How many clients can you expect to work with like that?

What might the limit be to your income potential operating like that?

Don’t you want time to actually be able to breathe and also enjoy the freedoms that can come with owning your own business?

Can you imagine that there is a different way of operating an administrative support business that doesn’t require you to offer your support in any on-demand, instant assistance kind of way?

5 Responses

  1. Miguel Mojica says:

    Good points from the veteran. I’m a newbie. Your story just put and end to alot of ideas that now that I’ve read this story they probably won’t work, or at least I will think them through. Thanks

  2. Monique Bruno says:

    Great post! I wished there were another organized way I could do this work, but your story sounds all too familiar. In fact, that’s why I focus now on writing assignments instead of office work. While I have the pressure of meeting deadlines, I don’t have to stick to the same schedule all the time. And my part-time job helps me go on when work is scarce.

  3. Azalea McKinney says:

    Danielle, you are right on the pulse of what’s happening in our world. I am so glad you are doing the upcoming teleseminar. The very same thing happened to me just a couple of weeks ago! I can’t wait til the call. KUDOS.

  4. Danielle, thank you for this post. I counsel ex-corporate employees who start businesses, and one of the first pieces of advice I give them is to hire a VA and to recognize that working with them is NOT the same as having staff! Another is – watch out for the “anchor” client – lining up the big guaranteed client sounds great until you realize the purpose of an anchor is to weigh an object, i.e. you and your business, down. You’ve hit that topic here!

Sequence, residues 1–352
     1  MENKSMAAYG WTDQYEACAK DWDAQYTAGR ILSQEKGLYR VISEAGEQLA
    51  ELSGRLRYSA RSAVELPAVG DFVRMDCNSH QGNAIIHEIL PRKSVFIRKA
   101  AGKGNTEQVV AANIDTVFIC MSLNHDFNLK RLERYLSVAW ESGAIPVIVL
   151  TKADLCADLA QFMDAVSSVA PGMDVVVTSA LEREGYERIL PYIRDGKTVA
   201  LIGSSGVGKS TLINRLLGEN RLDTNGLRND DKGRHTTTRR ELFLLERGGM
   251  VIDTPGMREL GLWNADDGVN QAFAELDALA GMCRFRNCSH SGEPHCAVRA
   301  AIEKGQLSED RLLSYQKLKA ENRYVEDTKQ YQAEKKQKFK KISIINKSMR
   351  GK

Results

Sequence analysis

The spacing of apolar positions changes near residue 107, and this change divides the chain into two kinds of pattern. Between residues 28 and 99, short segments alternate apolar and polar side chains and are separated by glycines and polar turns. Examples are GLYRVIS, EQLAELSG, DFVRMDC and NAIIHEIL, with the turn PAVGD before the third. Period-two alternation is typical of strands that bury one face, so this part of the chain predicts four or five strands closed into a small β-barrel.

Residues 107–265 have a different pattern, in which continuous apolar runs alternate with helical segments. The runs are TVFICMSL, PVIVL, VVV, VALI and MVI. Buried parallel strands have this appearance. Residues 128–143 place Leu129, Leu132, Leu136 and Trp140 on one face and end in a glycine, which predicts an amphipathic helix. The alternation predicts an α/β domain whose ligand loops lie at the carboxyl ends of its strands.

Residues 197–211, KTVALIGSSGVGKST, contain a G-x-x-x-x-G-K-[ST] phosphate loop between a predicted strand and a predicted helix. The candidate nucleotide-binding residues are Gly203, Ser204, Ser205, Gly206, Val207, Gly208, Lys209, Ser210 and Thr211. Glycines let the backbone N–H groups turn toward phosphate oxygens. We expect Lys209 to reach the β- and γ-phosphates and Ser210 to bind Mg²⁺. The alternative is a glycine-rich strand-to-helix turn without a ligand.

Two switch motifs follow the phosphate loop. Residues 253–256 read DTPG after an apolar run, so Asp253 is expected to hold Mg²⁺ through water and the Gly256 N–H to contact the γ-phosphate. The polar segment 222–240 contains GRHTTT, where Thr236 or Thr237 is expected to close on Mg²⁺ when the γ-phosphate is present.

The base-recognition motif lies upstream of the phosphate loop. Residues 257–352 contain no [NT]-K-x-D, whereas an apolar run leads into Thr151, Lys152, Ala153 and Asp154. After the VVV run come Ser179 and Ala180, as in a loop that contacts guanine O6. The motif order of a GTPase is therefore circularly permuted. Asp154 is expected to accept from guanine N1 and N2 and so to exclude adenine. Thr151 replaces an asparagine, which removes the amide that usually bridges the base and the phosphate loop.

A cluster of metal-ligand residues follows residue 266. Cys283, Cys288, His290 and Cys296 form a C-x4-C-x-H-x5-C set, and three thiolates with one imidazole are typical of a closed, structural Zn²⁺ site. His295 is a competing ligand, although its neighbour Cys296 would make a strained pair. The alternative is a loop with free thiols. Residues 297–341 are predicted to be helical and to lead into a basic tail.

5. Thank you. FINALLY, a business advisor/consultant who gets it! You’re right, we definitely need to know each other. 🙂

    It’s unfortunate that it’s our own people themselves who are largely responsible for perpetuating these misalignments of understanding and expectation. They have got to stop trying to “sell” clients on the idea that they are going to be the employee they don’t have. Because once they realize that’s not feasible (like when they want to start making more money and be able to work with more people and also have a life away from the computer), they realize they can’t run a real business like that. But by that time, they’ve set up all these unrealistic and unsustainable expectations that are nearly impossible to overcome with existing clients once they’ve gotten used to that.

    I always tell colleagues, stop trying to be someone’s employee, someone’s assistant. You are the best fit for the biz owner who doesn’t have the kind of biz or workload that requires daily, on-demand interaction. You are an ALTERNATIVE for employees, not a replacement for them. If they need a beck-and-call employee, you simply must tell them that they will be better served with an actual employee (or telecommuter).

    They need to also stop using the term “virtual assistant.” Assistant is a term of employment, not business. And when you are a business owner, you aren’t anyone’s assistant. It’s the fundamental communication problem that is also responsible for setting the wrong understandings and expectations in clients right from the get-go. You can’t keep insisting to clients that you’re a business owner, not an employee and yet continue to call yourself an assistant. It’s confusing to them and they only understand that word one way: employee.